Within the collection of prints and drawings of the Deutsches Theatermuseum (German Theatre Museum), a substantial group of graphic works attests to the representative magnificence of court culture as well as to the folkloristic roots of theatrical phenomena during the seventeenth and eighteenth centuries. In this rich inventory of depictions of the Baroque theatre and festival culture, the following important themes are represented by significant examples: stage settings and designs for scenery, designs of costumes and types, portraits of actors in stage costume and in civil dress as well as views of theatre buildings, locations and stage machinery. Apart from its use as documentary evidence, this portfolio manages to explain and illustrate typologies, functionality and the historical connections between theatrical events. Some of the graphic sheets of this group are of outstanding artistic quality as regards pictorial invention and execution. The unique art historical value of this group, as well as of the single sheets and series, consists of the high informative content on the phenomenon of "Baroque Theatre", which becomes evident in its synopsis.
The images depict the course and sequence of theatrical events, of improvised as well as of institutionalised performances of single comedians or of entire casts, of singers and dancers for example on travelling stages or in the context of a court, as part of performances of balletic, recited or sung scenes. Important familiar or political events such as births, marriages, jubilees, military victories or the death of a member of the ruling family offered the appropriate occasion for theatrically enriched celebrations. The depictions illustrate the operative illusionistic and typified decorative principles, clarify the application of optical-perspectival tricks and focus on details of the hidden technical stage machinery. They attest to the importance of great monarchs and princes such as Leopold I (1658–1705, emperor of the Holy Roman Empire), Ludwig XIV (1643–1715, king of France) or Cosimo III de' Medici (1670–1723, grand duke of Tuscany) for the theatre and emphasise thereby local centres of baroque theatre. The outstanding inventions of fanciful stage settings by the hand of the greatest baroque stage architects and designers such as Lodovico Burnacini (1636–1707) or by the Galli-Bibiena family that worked at numerous important European princely courts illustrates the high aspirations of baroque theatrical art. At the same time, the delicate manufacture of fine-spun costume designs and the sophisticated as well as detailed creation of stage sceneries by Jacques Callot (1592–1635), Antonio Bertoli (1677–1743) or Nicolas Cochin (1715–1790) set the artistic standards of this portfolio of theatrical prints and drawings.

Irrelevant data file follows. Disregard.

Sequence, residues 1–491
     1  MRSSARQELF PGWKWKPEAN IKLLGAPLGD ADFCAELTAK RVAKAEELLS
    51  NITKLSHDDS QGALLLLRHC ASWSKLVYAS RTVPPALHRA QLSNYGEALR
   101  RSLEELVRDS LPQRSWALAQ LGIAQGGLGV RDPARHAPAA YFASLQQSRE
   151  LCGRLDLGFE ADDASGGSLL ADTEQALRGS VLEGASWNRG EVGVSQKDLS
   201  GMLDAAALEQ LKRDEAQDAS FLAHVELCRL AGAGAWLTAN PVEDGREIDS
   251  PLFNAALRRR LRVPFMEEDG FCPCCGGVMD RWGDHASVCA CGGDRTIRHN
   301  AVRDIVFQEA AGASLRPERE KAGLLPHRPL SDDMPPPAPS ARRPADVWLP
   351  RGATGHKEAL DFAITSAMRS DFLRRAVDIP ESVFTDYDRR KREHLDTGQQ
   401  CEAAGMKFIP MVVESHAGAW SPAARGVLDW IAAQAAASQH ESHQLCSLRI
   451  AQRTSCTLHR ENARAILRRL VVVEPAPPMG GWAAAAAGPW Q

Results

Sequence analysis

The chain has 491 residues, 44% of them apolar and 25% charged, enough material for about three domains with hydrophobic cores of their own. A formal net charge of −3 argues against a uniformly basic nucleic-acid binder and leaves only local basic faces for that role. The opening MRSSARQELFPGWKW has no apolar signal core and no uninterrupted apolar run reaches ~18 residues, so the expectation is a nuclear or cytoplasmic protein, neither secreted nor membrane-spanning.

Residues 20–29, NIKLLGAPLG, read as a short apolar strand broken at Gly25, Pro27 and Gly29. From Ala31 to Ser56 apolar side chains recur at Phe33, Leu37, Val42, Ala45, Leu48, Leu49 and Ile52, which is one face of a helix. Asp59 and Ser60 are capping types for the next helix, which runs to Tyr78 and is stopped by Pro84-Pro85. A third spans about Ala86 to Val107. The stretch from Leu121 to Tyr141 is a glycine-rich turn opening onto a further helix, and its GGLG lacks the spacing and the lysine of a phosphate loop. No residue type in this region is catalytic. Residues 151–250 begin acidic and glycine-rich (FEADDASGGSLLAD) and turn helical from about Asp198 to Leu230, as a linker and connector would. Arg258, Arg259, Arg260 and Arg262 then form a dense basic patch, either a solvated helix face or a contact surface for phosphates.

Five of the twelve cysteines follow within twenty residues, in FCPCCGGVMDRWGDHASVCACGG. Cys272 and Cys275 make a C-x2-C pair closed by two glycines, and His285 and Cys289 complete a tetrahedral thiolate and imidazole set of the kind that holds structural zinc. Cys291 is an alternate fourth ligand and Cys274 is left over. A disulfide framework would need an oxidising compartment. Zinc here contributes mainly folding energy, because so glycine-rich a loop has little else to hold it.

The portfolio described is not part of a public collection for reasons of conservation.
>> This collection contains inventory of the Deutsches Theatermuseum (German Theatre Museum).